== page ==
September 25, 2010.
The last few posts have been about fun stuff. Working with the girls in bathing suits, buying a copious amount of liquor, that sort of thing. Let’s get rid of the fun and talk about money for a minute.
Now that the dust has settled, let’s talk about the price of the hard dodger and bimini. Before I started I guesstimated the price at about the $2000 mark. I was wrong. I can tell the time of day by looking at a tree frog and the state of the tide but I wasn’t even close when pondering the price of the “project’.
All things tallied up and the final price for the dodger and bimini was $3992.00. That’s right, almost $4000 dollars. That’s what I thought too when I added everything up, you gotta be freaking kidding me. So let me break it down a bit.
First I built a 4 foot by 8 foot table to assemble the dodger on. So including the wood for that, the dodger and the bimini, the lumber total was just under $300 bucks. Not too bad.
The windows themselves were a bit more than I envisioned. The glass came in at $420. The “h” channel for the frame was $162 and the special goo to seal everything added another $16. This bloated the price of the 6 windows to $630. The windows came out spectacularly so at $105 per window it was a bargain.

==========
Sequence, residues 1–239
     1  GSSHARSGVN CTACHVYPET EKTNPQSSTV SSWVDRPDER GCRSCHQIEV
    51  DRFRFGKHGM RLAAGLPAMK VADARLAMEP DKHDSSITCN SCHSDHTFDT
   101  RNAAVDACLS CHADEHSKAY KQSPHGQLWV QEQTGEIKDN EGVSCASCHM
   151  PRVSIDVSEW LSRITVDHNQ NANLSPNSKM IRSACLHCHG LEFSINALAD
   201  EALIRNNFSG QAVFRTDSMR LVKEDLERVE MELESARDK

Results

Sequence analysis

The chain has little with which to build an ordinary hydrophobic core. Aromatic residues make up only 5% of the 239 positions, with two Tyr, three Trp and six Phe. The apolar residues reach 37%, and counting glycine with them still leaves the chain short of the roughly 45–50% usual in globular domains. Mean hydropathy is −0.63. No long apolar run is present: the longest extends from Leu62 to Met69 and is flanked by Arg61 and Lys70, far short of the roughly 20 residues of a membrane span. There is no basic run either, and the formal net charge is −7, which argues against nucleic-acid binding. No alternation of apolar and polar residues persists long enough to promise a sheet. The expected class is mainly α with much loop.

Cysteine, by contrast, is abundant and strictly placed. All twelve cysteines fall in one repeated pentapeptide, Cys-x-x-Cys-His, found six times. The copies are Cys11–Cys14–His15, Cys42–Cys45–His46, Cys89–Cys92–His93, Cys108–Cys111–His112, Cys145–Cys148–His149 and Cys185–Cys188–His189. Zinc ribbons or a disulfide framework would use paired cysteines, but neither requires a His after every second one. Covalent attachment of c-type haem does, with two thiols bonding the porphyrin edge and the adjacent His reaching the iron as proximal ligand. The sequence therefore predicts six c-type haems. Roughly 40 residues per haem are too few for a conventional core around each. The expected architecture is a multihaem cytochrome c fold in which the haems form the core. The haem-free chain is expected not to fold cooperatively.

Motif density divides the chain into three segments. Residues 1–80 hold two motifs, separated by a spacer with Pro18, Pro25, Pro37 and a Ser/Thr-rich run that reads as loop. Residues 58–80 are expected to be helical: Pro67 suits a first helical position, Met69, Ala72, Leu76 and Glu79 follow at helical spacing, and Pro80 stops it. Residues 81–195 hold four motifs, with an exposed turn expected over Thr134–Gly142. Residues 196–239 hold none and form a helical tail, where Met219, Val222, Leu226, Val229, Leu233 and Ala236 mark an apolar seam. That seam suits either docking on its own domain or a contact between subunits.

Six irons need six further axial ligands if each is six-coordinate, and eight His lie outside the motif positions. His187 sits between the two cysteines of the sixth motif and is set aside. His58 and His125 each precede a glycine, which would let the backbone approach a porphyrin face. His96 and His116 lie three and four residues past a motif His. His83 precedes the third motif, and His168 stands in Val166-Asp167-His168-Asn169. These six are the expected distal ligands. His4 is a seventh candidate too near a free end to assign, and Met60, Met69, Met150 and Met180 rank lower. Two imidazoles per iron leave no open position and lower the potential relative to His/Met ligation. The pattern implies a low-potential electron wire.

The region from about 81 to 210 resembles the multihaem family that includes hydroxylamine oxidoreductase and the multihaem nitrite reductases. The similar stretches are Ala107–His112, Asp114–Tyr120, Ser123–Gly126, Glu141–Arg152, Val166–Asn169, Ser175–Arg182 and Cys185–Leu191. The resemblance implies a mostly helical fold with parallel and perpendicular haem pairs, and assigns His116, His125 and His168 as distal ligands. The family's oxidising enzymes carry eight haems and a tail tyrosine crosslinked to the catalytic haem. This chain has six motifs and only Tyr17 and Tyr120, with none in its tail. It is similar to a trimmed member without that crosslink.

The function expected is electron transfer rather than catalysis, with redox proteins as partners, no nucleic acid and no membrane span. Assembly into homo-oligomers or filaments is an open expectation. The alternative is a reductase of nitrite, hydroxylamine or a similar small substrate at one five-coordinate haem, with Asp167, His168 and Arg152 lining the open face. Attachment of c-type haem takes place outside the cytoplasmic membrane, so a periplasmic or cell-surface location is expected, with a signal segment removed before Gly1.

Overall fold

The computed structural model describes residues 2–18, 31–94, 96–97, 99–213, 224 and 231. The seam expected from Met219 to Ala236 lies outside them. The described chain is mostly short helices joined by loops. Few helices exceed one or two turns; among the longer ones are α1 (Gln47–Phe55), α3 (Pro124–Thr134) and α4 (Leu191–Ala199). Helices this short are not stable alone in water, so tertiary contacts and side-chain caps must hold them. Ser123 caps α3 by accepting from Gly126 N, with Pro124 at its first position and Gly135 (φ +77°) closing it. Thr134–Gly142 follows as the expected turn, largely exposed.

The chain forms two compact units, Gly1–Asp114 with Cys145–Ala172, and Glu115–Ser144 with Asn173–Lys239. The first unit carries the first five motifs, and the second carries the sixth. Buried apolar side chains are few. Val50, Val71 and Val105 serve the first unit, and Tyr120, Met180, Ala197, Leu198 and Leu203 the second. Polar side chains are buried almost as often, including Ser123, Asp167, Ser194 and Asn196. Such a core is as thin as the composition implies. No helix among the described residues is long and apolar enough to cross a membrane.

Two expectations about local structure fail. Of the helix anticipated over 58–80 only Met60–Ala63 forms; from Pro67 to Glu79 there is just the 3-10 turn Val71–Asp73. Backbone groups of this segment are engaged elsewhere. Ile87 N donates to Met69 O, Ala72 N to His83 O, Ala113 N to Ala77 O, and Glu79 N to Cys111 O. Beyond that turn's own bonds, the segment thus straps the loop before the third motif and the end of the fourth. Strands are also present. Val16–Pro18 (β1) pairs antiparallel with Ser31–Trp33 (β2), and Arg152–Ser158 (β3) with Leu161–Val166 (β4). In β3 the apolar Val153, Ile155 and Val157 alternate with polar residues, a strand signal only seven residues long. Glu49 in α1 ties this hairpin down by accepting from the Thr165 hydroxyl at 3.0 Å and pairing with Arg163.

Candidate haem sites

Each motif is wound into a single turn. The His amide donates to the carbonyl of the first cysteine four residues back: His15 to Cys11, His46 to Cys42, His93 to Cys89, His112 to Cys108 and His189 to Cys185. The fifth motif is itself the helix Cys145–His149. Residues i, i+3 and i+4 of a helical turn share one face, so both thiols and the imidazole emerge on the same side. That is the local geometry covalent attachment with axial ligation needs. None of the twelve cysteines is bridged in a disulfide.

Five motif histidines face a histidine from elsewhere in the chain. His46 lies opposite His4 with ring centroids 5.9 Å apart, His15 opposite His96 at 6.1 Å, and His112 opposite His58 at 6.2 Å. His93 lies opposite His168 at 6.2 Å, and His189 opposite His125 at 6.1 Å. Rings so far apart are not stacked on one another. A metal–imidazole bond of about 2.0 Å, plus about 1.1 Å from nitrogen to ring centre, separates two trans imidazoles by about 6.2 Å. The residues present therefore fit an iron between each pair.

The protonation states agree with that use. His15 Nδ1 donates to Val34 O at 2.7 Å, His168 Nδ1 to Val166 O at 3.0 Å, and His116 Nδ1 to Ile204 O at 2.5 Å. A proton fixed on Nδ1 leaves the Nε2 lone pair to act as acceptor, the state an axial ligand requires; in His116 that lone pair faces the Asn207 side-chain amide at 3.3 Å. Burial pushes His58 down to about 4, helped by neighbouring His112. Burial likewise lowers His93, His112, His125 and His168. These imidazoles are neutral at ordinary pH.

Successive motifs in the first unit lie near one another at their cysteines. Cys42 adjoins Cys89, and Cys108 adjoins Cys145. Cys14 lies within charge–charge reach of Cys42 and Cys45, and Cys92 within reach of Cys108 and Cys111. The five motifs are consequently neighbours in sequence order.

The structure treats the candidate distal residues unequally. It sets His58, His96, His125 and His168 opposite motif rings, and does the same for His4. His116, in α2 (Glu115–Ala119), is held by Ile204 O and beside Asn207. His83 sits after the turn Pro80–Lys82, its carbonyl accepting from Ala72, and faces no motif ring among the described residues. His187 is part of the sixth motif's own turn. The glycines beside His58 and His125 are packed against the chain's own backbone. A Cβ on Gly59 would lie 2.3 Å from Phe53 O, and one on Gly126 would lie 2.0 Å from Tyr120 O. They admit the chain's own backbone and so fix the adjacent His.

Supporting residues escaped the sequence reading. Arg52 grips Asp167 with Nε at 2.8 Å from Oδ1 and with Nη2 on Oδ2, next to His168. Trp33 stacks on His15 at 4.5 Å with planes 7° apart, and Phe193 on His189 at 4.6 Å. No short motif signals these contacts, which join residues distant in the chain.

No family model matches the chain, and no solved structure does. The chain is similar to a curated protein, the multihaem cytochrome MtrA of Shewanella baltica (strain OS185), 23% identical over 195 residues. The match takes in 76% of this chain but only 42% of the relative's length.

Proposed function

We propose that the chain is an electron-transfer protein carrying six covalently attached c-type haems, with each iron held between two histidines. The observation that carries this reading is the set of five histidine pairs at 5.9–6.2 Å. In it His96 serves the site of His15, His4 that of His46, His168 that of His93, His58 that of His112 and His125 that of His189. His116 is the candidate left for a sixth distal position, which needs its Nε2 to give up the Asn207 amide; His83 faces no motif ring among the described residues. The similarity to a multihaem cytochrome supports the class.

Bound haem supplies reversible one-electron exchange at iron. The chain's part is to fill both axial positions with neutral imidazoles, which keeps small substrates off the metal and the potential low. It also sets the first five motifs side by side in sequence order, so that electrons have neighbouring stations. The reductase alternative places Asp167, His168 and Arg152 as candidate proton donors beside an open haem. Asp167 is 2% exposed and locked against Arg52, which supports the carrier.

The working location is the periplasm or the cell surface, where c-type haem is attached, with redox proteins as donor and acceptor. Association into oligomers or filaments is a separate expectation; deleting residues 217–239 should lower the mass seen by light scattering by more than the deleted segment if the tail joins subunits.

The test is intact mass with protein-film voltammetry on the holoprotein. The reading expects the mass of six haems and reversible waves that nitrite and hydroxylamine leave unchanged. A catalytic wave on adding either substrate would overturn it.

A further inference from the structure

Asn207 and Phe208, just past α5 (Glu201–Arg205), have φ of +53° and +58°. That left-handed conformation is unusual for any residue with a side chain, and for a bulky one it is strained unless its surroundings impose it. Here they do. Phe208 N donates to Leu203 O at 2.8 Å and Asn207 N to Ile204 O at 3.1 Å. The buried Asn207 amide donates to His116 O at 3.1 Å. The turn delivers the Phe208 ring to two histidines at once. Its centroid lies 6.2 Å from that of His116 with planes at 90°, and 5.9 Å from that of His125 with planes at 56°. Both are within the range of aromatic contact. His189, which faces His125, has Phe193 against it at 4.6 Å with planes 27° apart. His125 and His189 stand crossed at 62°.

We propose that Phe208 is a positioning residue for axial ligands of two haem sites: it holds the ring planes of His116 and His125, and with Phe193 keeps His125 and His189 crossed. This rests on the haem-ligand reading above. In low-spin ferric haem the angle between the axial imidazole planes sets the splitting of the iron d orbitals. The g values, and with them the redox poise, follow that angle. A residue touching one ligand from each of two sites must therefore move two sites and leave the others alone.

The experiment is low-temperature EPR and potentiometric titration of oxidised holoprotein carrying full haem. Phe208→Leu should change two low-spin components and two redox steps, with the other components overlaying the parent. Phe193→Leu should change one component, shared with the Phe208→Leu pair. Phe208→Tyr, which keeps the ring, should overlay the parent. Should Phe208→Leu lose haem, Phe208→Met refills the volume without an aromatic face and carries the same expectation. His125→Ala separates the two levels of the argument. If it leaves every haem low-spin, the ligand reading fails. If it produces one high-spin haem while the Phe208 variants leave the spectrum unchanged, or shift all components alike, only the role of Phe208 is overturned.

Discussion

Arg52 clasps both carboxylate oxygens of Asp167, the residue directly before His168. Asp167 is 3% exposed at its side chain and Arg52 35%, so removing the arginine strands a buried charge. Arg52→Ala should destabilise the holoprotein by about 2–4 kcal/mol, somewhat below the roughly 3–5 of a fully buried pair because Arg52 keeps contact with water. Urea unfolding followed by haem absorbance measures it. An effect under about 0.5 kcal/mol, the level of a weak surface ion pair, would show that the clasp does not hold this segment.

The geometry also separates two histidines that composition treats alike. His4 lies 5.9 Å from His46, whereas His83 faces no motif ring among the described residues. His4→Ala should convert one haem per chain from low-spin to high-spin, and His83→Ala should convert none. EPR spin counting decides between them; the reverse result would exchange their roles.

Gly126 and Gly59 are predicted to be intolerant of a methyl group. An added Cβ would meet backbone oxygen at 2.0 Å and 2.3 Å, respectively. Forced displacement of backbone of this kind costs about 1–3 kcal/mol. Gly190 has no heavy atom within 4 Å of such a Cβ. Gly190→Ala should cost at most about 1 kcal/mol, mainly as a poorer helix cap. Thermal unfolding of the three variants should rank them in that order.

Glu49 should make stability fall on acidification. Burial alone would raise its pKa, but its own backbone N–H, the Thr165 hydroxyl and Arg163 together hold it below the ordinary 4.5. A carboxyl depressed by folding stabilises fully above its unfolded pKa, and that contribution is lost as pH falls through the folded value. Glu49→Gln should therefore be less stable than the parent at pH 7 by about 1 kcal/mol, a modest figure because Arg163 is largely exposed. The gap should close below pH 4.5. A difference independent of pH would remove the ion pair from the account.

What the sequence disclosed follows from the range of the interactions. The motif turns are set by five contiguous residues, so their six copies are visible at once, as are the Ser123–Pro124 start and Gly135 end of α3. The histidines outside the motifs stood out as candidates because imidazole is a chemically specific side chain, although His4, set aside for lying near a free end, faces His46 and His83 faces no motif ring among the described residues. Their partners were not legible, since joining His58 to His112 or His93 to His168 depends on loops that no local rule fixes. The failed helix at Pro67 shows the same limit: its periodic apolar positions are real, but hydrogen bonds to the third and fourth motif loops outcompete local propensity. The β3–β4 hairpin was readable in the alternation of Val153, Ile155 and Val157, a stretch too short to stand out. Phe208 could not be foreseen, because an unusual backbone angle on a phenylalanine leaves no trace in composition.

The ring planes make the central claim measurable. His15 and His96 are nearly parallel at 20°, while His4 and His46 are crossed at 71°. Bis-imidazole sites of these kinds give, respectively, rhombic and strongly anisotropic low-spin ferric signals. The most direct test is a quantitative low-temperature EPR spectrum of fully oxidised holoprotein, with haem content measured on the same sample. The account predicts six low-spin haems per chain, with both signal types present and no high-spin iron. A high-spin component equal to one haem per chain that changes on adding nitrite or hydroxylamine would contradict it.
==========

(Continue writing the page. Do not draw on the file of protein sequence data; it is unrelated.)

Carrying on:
The paint was a lot more than I had anticipated. I used a gallon of barrier coat to waterproof everything. Then there was a quart of special Alwgrip primer and then the Alwgrip paint itself. Then of course, they both need their own individual thinners. I also used a gallon of Durabak non skid paint of the top of the bimini. Grand total, $410.
I had to modify the existing enclosure sides to be able to attach it to the new dodger and bimini. So between Sailrite and West Marine that ran us just over $200 bucks for hardware and such. It’s the incidentals that get you.
The biggest expense was the fiberglass and associated crap. Fiberglass mat, 7 gallons of resin, brushes, rollers, mixing cups and so forth ended up costing us about $1100. Ouch. We could have saved a bit of money if we had realized just how much resin we were gonna need. If we had bought the resin in a 5 gallon pail rather than by the gallon we could have saved another $150. It always seemed like 1 more gallon would do it. I had no idea we had gone through 7 gallons until I was adding up the receipts at the jobs completion.
Finally, the last big expenses were the accessories. I had to cut 2 gaping holes in our cockpit coaming to be able to thru bolt the dodger in place. I solved the problem of hiding these holes by installing a glove box compartment in either side of the cockpit. They were over $100 apiece. Then we decided to add 2 hatches to the roof of the dodger to vent fresh air into the enclosure. Each hatch was over $200. The there was the built in 12 volt fan, the light fixture and the associated wiring. Totaled up, the accessories cost us $866.
The labor. We started the job at the end of June and finished up in mid September. We used our weekends and I did a bit before and after work whenever possible. We logged 166 hours from start to finish. That’s counting building the assembly table all the way through installing the last snap attaching the enclosure to the bimini.
When all is said and done, the job cost more money than we had figured. The job also took a lot longer than we had guessed it would, but I gotta say…..I think it came out even better than I had hoped.